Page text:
His smile was genuine and it made me laugh, again. His smile always did.
“God, these are so cheap!” I noticed the price, hardly three bucks.
“Why do you think we came here, Lisa?” He made me think I was a doofus. “We don’t have our parents to spend money on us.”
I frowned. Why did he have to bring that up?
As it was, I doubted there was even an APB out on us. We’d been here for weeks. We could spend the whole summer stranded in the heartland.
No one lived in my Great Aunt Nola’s farm house. So it was like a vacation, the two of us. It wasn’t really running away. We really weren’t running away from anything. But I didn’t know what to say. I put the hat back and went to look at shirts.
Naturally, I went straight to the WHAT WOULD JESUS DO stuff.
“Not another one, please,” he begged. “How much of this stuff do you own?”
“I don’t have that much.” I didn’t think about my collection, but the rainbow bracelets made me happy. I felt better when I had one even if I didn’t wear them anymore. It gave Mom the creeps when she saw me with one. Like she did something wrong, or maybe there was just something silly about me. We weren’t religious at home.
“What about that WWJD T-shirt you sleep in, huh?” He gave me the look. The look as in when are you going to give it up? You can’t be a virgin forever. “It’s a real turn-off.”
“It is?” I stared at him wondering if he really meant it. I picked up a tie-dye shirt with the logo on it and held it for a moment thinking everything might be beautiful with the world in baby blue and neon yellow.
“I’m sorry.” He sighed. “You don’t really need that, you know.”
I shook my head. I knew. He was working hard for the corn detassling money, up before dawn, and dead tired in a dusty tan when he came home. The company hadn’t even paid him. We barely had enough to go out on from my pay at the truckstop. I put it back.
“But we can get the hats. The hats will come in handy.”
“Oh yeah, you think so?” I edged a smile.
“Yeah, bucket hats are so cool.” He took them to the counter and paid for them.
I waited outside staring at the pay phone.
“Why don’t you call?” He found me tempting to grab the phone. “You know you want too.”
“Not yet.” The feeling had to be right. It just wasn’t yet. What was I going to say? My head was empty. Besides, I’d come all this way to meet someone I’d never known, and I couldn’t do that either.
We walked across the parking lot and waited at the busy intersection. Strangely, there was no fear crossing the highway with Zed. I felt safe even if trucks zoomed by. I never felt like that at home.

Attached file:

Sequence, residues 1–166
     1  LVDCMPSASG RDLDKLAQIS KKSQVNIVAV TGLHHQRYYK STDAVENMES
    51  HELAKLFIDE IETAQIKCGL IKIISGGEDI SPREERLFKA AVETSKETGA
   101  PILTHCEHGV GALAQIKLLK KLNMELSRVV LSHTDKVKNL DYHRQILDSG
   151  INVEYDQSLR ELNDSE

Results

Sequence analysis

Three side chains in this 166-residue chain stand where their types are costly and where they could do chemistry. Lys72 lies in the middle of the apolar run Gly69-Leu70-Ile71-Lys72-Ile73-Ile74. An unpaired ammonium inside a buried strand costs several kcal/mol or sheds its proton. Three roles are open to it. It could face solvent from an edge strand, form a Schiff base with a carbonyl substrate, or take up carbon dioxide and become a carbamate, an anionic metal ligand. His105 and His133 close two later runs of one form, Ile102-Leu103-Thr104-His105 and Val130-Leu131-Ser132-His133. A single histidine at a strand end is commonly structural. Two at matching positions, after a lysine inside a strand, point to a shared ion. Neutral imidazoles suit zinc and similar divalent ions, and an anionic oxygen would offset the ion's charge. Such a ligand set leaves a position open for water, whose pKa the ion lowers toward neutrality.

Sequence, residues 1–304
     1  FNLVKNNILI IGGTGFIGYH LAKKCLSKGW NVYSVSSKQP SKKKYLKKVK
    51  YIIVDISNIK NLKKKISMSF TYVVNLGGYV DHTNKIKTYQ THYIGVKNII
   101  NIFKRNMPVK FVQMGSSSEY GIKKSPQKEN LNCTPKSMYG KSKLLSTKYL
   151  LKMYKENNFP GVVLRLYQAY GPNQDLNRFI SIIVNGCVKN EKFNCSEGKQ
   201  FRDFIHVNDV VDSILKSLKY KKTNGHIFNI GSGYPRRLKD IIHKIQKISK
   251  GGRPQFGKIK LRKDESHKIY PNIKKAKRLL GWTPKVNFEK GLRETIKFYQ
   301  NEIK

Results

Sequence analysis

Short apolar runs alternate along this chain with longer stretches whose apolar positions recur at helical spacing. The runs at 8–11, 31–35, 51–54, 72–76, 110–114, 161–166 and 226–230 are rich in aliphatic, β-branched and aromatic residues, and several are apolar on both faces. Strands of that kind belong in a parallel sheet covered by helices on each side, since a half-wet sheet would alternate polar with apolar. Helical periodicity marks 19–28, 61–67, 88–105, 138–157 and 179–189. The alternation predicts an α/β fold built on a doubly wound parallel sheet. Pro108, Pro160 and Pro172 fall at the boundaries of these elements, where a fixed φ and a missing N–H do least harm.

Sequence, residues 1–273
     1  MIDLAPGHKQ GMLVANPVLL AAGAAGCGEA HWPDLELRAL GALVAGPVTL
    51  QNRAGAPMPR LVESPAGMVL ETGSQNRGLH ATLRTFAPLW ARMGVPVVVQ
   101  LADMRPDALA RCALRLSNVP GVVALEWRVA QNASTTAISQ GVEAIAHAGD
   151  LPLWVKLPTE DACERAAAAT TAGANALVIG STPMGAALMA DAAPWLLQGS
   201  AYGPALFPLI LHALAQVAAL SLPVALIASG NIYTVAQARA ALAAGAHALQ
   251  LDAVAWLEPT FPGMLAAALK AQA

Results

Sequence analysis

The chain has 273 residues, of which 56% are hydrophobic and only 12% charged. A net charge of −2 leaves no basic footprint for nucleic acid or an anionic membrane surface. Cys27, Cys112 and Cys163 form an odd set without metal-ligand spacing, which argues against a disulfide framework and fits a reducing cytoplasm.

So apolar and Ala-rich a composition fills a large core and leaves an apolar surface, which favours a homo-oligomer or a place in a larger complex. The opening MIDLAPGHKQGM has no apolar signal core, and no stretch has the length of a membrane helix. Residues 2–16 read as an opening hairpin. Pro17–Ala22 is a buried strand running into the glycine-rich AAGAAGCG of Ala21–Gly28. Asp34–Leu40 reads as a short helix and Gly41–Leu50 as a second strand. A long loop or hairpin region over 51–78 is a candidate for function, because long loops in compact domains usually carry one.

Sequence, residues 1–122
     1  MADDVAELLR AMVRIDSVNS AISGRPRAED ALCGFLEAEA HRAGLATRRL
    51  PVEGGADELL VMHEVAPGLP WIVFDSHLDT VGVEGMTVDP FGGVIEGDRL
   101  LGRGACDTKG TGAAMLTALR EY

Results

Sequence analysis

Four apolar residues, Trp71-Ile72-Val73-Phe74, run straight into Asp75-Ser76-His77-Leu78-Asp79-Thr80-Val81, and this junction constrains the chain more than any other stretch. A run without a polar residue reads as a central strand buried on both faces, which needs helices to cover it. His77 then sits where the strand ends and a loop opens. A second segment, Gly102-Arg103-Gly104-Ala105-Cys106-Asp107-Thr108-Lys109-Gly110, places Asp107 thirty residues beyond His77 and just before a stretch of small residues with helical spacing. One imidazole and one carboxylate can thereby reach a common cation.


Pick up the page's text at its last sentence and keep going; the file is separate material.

“Your father’s Jewish, isn’t he?” We walked a ways down the dirt road into the shade of the cottonwoods before he said anything.
“That’s why you have this fascination with Jesus, isn’t it?” He grinned. His teeth were so perfect. Sometimes that perfection bothered me, like he had everything figured out. He was the one going to college not me. Not me. No, I was the girl who dropped out my last semester. He still hadn’t asked me why I did that.
“What does Jesus being Jewish have to do with anything?”
“I don’t know, you tell me?” He leaned in closer and I stepped back not wanting him near.
“I just want to understand it, that’s all. What’s with you? You don’t even go to church.”
“So you don’t have to go to church, you know.”
“Well, maybe, if you’re in some third- world country, but they even have places to go to worship. They might be a bit run down, no running water or anything, but at least they have a place to go.”
“So what are you saying, I need to go somewhere to be close to God?”
“I don’t want to talk about this. It makes you cranky.” He shrugged.
“Well, you brought it up.”
“You’re the one who’s the Jesus freak, not me.”
“I don’t know why this upsets you.”
“It doesn’t, not really. It’s just are you or aren’t you?” He walked ahead. I watched his footsteps in the soft dirt.
“What is that supposed to mean?” I ran to catch up.
“What does it mean when you wear your WWJD T-shirt to sleep in?”
“It doesn’t mean anything. I just like it, that’s all.”
“No, no there’s got to be something. There’s just got to be. You just want to make me feel guilty, don’t you?” His face soured, but he messed with the bucket hat, and was silly once more, dancing in a jerky hop.
“Zed, it’s just a shirt, okay.” I crossed my arms and watched. He was so harmless, really. But this stunk. And he thought I was moody.
“Forget it, okay. I just asked. You know, maybe it means nothing to you. Just forget it.” He did a strut, wiggled his shoulders. God, I hoped he wasn’t planing a drama major in college. He might do okay as a comedian. He might. It just sank into me that I was going to have to let him go. I had too. He had places to go. Places to go without me.